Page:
“He who cares less wins.”

Let me ask you a question. In the face of pressure, when you really, really want something, what do you do? How do you approach it? It could be an interview coming up, it could be a competition or an exam, or it could be some other life challenge you’re working on. And, if your current strategy isn’t working, what would be a more useful approach?

I imagine that even for most of you, your best guess won’t end up with this… a conversation between Tim Ferris and Shaun White which unveiled a rather novel approach to the art of dedication, commitment and success.

On the precipice of success… it’s now or never

They had been talking about the moment when Shaun was going headfirst into the final round of the Olympics – the moment that could make him a winner, or leave him amiss for another four long years.

Curious to know how he’d deal with this situation, and the pressure that accompanied it, Tim asked Shaun, “What did you say to yourself? What was your internal dialogue, in that final moment before the gate opened?” Much to the surprise of Tim, he told him ‘Who cares?’

Now, hang on. Just stop right there. There’s more to this seemingly blasé response than meets the ears. He followed on to say… “If I apply that incredible amount of personal weight to myself it’s going to do nothing but handicap me.”

And this really got me thinking. How different would our own lives be if we could apply this mentality to our own critical moments? And how different would life be if we applied this mentality to the things that we are seemingly stuck with?

The mantra of ‘Who cares’

While Shaun was talking about this in the context of competition and prime time pressure, there is something to be said for how we apply this mantra to other areas of our lives. Areas where perhaps we are already placing a lot of weight on the end goal. When we focus so intently on something that we so badly want, it can be counterproductive. We make a mountain out of a molehill and in addressing the challenge, we don’t act from our ‘best self.’ We get hung up on all the things that could go wrong.

In my experience of working with people who are ‘stuck’ with issues – whether it’s bad habits they’ve picked up somewhere along the line, problematic relationships, negative self-beliefs low self-esteem, performance issues and even poor health, one of the common denominating factors is this sense of ‘weight’, a sense of ‘everything is hanging on this one thing.’

It’s like this one thing has become such a focus; the desire to change it has become so important, the pressure ironically prevents them from getting the changes they want.

Take it or leave it

You see examples of this more commonly in everyday language when talking about interviews. There have been many times in my life where I’ve been on both the receiving end, as well as the giving end of the sentence “Just go in as if you could take it or leave it and you’ll smash it.” If you go in with the attitude that you could take it or leave it, suddenly the whole process becomes a lot easier, and you find yourself growing into the best version of you – easily and naturally.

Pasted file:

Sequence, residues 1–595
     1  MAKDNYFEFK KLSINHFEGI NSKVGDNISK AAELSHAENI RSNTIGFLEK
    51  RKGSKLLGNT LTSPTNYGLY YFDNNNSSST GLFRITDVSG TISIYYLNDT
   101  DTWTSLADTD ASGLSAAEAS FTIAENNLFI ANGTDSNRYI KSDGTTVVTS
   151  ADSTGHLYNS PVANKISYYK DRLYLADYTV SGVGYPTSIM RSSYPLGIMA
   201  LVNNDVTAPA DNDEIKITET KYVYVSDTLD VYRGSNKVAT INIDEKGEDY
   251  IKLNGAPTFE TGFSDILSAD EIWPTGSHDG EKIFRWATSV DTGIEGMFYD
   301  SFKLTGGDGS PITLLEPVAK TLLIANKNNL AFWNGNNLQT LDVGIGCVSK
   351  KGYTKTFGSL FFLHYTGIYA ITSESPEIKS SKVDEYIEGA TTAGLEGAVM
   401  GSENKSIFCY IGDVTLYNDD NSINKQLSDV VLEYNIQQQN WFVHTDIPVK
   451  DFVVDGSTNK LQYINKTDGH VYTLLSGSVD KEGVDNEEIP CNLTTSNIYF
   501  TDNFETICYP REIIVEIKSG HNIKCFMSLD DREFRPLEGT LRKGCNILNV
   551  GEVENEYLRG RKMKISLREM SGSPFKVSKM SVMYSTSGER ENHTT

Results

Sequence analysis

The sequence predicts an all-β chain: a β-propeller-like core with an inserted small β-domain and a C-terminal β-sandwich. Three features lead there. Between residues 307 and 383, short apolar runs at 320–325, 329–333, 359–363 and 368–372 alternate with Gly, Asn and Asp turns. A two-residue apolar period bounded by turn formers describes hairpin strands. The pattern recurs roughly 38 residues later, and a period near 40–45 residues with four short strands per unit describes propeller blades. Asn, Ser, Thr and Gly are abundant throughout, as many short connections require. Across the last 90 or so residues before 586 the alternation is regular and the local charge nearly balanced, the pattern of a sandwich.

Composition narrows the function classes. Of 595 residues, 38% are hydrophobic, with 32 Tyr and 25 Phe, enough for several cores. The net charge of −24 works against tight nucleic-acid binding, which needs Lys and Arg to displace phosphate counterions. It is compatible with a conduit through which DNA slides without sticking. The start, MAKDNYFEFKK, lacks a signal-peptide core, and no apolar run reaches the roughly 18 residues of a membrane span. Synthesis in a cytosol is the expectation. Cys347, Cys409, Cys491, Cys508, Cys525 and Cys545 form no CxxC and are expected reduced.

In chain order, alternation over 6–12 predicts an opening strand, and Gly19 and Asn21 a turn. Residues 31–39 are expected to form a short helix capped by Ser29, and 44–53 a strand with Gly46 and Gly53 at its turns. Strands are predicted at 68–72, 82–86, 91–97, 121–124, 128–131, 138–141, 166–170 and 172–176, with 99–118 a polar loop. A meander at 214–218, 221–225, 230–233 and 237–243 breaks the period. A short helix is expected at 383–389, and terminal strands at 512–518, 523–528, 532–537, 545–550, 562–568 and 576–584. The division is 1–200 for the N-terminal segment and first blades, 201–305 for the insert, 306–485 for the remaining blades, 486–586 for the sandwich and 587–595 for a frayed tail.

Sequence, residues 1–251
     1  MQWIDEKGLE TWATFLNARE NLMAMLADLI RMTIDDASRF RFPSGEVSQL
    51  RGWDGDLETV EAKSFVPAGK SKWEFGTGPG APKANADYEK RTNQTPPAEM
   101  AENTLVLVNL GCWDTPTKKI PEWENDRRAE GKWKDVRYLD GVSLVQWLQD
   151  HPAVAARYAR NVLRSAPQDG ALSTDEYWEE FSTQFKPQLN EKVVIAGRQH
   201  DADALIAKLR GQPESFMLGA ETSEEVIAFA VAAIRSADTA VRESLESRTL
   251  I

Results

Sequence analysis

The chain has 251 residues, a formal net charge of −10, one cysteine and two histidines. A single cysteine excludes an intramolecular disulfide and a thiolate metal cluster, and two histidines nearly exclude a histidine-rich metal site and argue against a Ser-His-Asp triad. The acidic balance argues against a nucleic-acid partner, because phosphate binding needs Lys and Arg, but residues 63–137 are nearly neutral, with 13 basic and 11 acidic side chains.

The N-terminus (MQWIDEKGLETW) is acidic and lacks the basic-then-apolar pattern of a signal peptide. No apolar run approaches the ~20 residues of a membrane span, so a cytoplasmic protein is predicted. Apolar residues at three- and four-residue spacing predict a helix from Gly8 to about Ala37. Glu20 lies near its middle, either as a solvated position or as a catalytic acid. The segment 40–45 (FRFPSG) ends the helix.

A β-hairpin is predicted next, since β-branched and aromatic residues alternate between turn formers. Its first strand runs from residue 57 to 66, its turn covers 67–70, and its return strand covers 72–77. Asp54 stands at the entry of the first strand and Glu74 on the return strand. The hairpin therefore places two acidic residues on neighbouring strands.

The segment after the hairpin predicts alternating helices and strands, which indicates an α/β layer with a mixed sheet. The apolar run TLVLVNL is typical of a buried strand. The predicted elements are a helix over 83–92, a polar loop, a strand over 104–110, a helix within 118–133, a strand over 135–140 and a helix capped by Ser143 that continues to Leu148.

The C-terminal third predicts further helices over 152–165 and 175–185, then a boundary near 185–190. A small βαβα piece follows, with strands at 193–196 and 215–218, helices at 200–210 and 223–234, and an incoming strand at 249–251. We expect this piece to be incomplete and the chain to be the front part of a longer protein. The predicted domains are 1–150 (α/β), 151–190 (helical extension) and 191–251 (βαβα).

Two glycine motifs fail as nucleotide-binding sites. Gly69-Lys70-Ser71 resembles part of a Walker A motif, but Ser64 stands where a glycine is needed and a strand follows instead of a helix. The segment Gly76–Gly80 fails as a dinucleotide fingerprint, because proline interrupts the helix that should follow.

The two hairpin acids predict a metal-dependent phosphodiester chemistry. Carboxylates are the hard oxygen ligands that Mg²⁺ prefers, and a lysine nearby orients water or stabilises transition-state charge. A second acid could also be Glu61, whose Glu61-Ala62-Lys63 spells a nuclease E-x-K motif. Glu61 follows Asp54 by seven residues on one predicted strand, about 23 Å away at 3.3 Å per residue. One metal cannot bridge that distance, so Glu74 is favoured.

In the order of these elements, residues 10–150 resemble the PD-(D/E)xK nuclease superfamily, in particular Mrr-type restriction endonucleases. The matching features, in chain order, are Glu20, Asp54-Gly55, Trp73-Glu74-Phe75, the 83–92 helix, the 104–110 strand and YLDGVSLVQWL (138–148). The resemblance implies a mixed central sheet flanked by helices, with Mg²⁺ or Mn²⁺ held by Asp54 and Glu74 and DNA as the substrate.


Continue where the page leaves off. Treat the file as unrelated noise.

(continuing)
In meditation, people often talk about ‘attachment to outcome’ and how things start to unfold when we allow ourselves to move away from this. When you adopt this mentality of ‘who cares?’ you’re effectively moving yourself into this space where you are no longer attached to that outcome.

The neurology of caring less

Interestingly, you can look at it another way, by looking at the way in which the brain works. There are a couple of a common sayings, specifically: ‘what you look for you will find’ and ‘where attention goes, energy flows” which really means – you manifest what you focus on.

Whilst you will find these sayings amongst many sources of personal development and inspiring quotes, their meanings are wholly backed up by neuroscience.

When we apply attention to one specific area, neurologically, that part of our brain gets bigger and stronger through neuroplasticity. What this means is, the more we focus on one specific thing, the more adept our brains become at not only continuing to look for that thing, but at finding it.

Within our brains we have what are called neural pathways. And the more we exercise them the stronger they get. You could imagine one set of neural pathways like the branches of a tree – extending out in different directions. Now imagine we keep feeding a few of those pathways with the object of our attention, those pathways, i.e. the branches will grow, they will reach out and find more of what they are reaching for. The more they find, the stronger they get, the more they find. And so it goes on.

Moving from fixation to flow

When you approach challenges from a place of ‘who cares’ you move from a place of fixation to a place of flow and allow yourself to move through issues with ease. Life is a constant balancing act of navigating flow with self-discipline. If there is something in your life that you haven’t yet mastered, it may be time to look at your flow-displine ratio and consider the question “Do I need to up my flow?” If the answer is yes, then it may also be time to ask yourself ‘Who really cares?”

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